Serbino Sandifer-Walker, a journalism professor at TSU, reflected on the facility’s history. She played an instrumental role in getting a historical marker commemorating the sit-in placed at 4110 Almeda.

Texas Southern University professor Serbino Sandifer-Walker talks about the Southmore Post Office's history.

Texas Southern University professor Serbino Sandifer-Walker talks about the Southmore Post Office’s history.

“The students did something in this city that had never happened before,” she said. “They stood up and they said change would have to happen… They wanted justice and equality for African-American people who had been treated like second-class citizens for years.”

Letters of support for the post office can be addressed to Vice President of Facilities, c/o Sandra Rybicki, Southern Facilities Service Office, P.O. Box 667180, Dallas, Texas, 75266-7180.

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The above article was published in Volume 83, Number 19 (March 13, 2014) of the Defender newspaper in Houston, TX. (http://defendernetwork.com/)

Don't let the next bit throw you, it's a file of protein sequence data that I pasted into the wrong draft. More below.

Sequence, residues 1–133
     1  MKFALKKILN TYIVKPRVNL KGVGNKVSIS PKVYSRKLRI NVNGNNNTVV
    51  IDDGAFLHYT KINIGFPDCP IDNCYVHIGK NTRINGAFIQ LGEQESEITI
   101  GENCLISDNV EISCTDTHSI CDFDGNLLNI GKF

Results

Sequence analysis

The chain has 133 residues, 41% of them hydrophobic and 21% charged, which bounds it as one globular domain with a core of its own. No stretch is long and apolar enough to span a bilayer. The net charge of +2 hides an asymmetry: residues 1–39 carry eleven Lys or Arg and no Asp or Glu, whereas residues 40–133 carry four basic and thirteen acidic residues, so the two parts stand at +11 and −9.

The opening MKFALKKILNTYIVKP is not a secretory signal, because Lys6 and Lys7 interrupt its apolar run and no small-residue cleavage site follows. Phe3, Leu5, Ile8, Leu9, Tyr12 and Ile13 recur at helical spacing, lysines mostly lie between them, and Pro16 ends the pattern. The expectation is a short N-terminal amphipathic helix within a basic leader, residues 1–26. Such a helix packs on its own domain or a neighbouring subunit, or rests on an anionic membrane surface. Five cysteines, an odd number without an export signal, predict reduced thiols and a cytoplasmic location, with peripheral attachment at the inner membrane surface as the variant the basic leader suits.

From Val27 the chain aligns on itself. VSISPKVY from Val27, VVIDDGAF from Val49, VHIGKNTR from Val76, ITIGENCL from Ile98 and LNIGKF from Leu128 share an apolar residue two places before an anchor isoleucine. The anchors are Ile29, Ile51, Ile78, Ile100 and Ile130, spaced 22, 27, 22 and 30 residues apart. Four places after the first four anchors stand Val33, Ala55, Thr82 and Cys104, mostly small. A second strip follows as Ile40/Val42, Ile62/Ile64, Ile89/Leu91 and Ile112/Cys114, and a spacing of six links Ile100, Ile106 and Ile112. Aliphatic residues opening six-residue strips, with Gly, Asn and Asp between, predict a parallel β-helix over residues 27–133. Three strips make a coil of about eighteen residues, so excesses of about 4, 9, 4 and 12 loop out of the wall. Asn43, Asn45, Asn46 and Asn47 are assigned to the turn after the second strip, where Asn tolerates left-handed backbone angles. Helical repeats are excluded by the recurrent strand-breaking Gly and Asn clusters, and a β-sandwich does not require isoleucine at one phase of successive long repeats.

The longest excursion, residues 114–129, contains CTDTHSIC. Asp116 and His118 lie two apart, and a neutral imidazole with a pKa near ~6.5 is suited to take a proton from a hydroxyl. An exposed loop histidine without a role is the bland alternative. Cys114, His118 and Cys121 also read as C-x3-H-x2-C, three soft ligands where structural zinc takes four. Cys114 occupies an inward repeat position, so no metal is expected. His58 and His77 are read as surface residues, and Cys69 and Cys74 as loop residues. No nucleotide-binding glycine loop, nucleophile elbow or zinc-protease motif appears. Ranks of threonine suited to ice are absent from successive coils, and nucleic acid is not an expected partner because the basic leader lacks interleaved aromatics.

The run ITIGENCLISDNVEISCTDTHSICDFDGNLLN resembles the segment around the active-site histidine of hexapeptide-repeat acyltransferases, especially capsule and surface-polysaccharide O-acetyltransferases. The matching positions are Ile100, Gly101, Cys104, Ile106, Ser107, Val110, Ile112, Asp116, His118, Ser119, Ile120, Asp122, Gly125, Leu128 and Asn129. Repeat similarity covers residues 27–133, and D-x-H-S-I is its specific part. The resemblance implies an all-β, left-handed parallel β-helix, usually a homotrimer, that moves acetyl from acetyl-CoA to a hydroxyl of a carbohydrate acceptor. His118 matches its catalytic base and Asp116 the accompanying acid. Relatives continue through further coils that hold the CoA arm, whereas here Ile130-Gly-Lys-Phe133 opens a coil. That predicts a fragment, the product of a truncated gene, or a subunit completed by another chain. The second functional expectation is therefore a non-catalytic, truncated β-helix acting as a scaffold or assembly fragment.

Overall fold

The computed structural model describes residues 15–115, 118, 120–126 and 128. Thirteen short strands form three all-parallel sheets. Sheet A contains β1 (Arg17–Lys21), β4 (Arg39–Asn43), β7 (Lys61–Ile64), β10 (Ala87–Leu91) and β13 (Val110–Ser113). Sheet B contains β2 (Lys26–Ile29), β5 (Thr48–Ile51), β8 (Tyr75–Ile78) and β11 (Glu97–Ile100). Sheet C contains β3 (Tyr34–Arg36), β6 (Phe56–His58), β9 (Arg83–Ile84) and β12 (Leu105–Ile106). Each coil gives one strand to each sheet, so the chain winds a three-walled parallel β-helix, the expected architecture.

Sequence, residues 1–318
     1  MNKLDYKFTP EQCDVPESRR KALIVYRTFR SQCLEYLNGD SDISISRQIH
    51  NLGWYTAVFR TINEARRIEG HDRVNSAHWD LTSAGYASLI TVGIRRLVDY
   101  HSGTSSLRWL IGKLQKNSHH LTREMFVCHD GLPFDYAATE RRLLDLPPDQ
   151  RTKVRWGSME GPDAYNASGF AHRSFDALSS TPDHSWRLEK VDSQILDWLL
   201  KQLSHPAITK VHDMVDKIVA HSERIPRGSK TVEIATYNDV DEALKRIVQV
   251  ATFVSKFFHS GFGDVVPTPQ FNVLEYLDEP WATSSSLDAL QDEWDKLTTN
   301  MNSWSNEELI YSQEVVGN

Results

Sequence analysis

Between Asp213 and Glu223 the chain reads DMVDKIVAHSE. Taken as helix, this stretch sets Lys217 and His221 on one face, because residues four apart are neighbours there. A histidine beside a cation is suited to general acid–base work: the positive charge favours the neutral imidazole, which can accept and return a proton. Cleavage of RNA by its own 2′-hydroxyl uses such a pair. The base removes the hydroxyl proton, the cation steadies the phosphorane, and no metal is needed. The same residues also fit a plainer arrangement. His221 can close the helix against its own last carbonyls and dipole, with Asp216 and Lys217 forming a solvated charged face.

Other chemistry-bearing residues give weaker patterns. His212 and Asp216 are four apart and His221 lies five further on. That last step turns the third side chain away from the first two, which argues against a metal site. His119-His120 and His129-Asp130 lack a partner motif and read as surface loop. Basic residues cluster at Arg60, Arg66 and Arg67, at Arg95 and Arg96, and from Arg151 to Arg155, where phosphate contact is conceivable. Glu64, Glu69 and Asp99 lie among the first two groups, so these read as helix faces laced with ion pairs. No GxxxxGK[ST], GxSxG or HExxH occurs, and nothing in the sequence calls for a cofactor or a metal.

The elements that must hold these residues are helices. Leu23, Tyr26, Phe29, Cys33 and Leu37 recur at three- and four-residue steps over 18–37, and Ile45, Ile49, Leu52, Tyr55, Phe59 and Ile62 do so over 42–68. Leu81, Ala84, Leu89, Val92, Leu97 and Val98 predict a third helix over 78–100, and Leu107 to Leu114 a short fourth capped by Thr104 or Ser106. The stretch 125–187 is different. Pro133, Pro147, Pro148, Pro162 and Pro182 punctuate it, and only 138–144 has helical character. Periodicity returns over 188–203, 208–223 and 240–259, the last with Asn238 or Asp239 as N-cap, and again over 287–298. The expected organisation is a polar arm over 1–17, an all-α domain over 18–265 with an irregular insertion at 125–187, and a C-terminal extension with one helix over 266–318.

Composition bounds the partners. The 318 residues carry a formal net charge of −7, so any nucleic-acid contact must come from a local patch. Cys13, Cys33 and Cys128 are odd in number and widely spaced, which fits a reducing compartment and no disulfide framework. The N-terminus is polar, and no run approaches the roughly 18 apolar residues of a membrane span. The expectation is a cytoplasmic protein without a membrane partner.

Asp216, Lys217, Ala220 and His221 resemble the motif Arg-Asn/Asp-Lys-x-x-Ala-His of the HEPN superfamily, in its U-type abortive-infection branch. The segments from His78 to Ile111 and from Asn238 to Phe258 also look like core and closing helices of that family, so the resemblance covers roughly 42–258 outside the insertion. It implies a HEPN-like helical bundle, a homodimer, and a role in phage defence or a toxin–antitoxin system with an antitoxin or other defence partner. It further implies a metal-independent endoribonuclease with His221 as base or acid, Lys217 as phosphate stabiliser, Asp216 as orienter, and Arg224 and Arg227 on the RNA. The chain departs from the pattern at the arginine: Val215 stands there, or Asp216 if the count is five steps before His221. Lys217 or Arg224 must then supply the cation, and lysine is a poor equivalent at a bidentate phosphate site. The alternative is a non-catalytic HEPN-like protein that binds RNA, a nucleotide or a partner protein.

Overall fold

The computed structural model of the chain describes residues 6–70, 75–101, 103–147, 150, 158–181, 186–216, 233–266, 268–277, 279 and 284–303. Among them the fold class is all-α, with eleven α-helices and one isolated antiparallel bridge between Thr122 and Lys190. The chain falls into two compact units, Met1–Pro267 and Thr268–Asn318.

Jackson Lee calls for end to violence

by Cierra Duncan
Defender

Congresswoman Sheila Jackson Lee asked Houstonians to unite to help prevent the gun violence taking a toll on area young people.

“It is time that law enforcement and the community take immediate action to stop these senseless crimes on our youth with these guns,” she said during a press conference held in Third Ward.

Congresswoman Sheila Jackson Lee is joined by youths in calling for an end to gun violence.

Congresswoman Sheila Jackson Lee is joined by youths in calling for an end to gun violence.

Jackson Lee encouraged the community to come together in support of a strategy that addresses the causes and effects of youth violence. “We must begin discussing common-sense steps we can take right now to combat gun violence,” she said.

According to the Centers for Disease Control, an average of 13 young people between the ages of 10 and 24 are victims of homicide every day. Jackson Lee said such statistics are “shocking” and “unacceptable.”